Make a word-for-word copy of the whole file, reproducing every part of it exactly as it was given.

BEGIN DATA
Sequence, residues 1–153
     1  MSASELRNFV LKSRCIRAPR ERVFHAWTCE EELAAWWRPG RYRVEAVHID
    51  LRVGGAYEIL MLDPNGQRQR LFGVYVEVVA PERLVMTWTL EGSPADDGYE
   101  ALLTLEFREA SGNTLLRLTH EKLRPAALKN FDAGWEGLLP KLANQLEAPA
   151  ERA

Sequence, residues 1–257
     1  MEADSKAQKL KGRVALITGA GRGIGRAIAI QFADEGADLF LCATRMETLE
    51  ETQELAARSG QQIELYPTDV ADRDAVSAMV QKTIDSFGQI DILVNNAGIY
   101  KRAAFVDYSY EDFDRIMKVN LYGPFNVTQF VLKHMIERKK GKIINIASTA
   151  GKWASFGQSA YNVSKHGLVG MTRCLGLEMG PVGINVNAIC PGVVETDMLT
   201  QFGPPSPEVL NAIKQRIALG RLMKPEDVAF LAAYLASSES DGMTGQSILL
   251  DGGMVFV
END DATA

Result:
Sequence, residues 1–153
     1  MSASELRNFV LKSRCIRAPR ERVFHAWTCE EELAAWWRPG RYRVEAVHID
    51  LRVGGAYEIL MLDPNGQRQR LFGVYVEVVA PERLVMTWTL EGSPADDGYE
   101  ALLTLEFREA SGNTLLRLTH EKLRPAALKN FDAGWEGLLP KLANQLEAPA
   151  ERA

Sequence, residues 1–257
     1  MEADSKAQKL KGRVALITGA GRGIGRAIAI QFADEGADLF LCATRMETLE
    51  ETQELAARSG QQIELYPTDV ADRDAVSAMV QKTIDSFGQI DILVNNAGIY
   101  KRAAFVDYSY EDFDRIMKVN LYGPFNVTQF VLKHMIERKK GKIINIASTA
   151  GKWASFGQSA YNVSKHGLVG MTRCLGLEMG PVGINVNAIC PGVVETDMLT
   201  QFGPPSPEVL NAIKQRIALG RLMKPEDVAF LAAYLASSES DGMTGQSILL
   251  DGGMVFV